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Kula Yoga Project brings its killer classes to Brooklyn


The popular Tribeca studio known for its ass-kicking classes and seriously intelligent teachers is opening a second studio in Williamsburg. Expect a cafe, a sauna, and a continued need for arnica.
schyuler grant
Schyuler Grant, founder of Kula Yoga Project

Kula Yoga Project, known for its ass-kicking classes and seriously intelligent teachers, is opening a second studio. Come September 16th, Nikki Vilella, a long-time teacher at the popular Tribeca studio, will partner with Kula-founder Schuyler Grant in heading up Kula Yoga Project Williamsburg. That’s big news for a tiny studio—and great news for half the Kula faculty, which pretty much resides in the hipster hood.

It’s not a franchise, clarifies Vilella, a Columbia economics grad who’s always wanted to run a studio. “It definitely feels very much like Kula. Teachers are the same. The cramped changing rooms are still the same,” she jokes, before divulging what will set it apart:

Nikki Vilella Kula Yoga Project
Nikki Vilella, co-owner of the new Williamsburg studio

Kula Williamsburg has showers (one per change room)—“sometimes you want to go out after your vigorous yoga practice,” says Vilella—as well as a sauna, which evokes that communal yoga retreat feeling.

And while Kula Tribeca has a more of a Moroccan vibe, Kula Williamsburg pulls from a Catskills country house aesthetic. Literally. To add reclaimed wood floors to the bare concrete space, Grant and Vilella bought a farmhouse slated for demolition. They ended up hauling back a giant barn door that now separates one of the two practice studios from the lobby, as well as beautiful banister, carriage lights, and a circular stained glass window.

The new studio will also have a small Hyde Yoga shop, the first for the NYC yoga clothing line, and a vegetarian café and juice bar called the Shanti Shack. “Creating a place to hang out after class was definitely a goal,” says Vilella, which is why the Chelsea-Market-type location in the Old Mill Building at North 3rd Street was chosen. “It’s not just about practicing next to other people. For a lot of yogis, the purple fuzzy couch in Tribeca studio has become a hangout. We wanted to build out the community hangout options here.”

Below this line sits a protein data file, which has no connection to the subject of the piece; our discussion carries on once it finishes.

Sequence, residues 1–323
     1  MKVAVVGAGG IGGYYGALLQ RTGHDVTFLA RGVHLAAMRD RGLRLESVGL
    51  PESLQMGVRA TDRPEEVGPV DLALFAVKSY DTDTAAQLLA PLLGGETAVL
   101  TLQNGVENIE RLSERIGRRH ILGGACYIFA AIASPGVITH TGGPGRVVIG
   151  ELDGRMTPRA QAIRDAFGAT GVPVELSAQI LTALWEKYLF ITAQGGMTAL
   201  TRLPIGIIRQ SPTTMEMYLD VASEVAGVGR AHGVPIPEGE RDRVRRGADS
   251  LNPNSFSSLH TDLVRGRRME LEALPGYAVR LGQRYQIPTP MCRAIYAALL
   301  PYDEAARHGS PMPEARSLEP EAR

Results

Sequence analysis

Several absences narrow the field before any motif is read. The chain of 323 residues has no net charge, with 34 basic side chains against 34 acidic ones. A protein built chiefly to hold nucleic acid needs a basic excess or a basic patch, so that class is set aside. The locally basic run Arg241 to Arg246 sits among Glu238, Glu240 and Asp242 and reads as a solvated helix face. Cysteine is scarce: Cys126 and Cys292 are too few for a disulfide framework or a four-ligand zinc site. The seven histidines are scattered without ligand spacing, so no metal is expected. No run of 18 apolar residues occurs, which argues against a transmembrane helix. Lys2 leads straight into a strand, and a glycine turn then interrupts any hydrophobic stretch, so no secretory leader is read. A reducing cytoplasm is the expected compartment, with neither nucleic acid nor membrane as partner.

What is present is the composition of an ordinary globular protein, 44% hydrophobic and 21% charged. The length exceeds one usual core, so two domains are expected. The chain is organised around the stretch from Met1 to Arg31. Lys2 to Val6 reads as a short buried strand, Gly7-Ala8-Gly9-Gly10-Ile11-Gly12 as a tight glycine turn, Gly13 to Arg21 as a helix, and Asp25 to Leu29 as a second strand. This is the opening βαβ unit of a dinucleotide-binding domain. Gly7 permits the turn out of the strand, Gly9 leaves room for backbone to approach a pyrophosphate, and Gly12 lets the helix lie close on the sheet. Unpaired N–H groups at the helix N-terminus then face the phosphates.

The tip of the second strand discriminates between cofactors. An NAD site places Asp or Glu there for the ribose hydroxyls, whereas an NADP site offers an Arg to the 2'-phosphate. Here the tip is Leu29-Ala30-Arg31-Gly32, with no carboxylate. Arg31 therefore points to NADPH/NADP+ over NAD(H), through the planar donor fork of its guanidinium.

The new Kula Williamsburg built from a reclaimed farmhouse
A window reclaimed from a Catskills farmhouse gives the new studio its country-house, yoga-retreat vibe

The new studio has come along in just two months and is news to a lot of New York City yogis. Even those practicing at Kula, like Andrea Aguilar. “I only just learned the news. And it came as a very nice surprise,” says Aguilar. “I’m completely hooked on Kula and have happily crossed the river to take classes. Now, to know that I will only have to cross a couple of blocks, makes me very happy.”

Kula’s not been purposefully closed lipped about it, says Vilella, who’s been nose to the management grindstone, trying to create the new studio class schedule with 17 yoga teachers. But Kula’s expansion into Brooklyn isn’t the only news, it seems: Word is that the Wanderlust Festival, co-created by Grant, is also expanding. (And we hope to bring you early intel on that, too. Stay tuned!) —Melisse Gelula

Kula Yoga Project Williamsburg, 85 N. 3rd St., between Berry and Wythe, opens on September 25. Attend free classes all day long and stick around for a party. For more information, visit www.kulayoga.com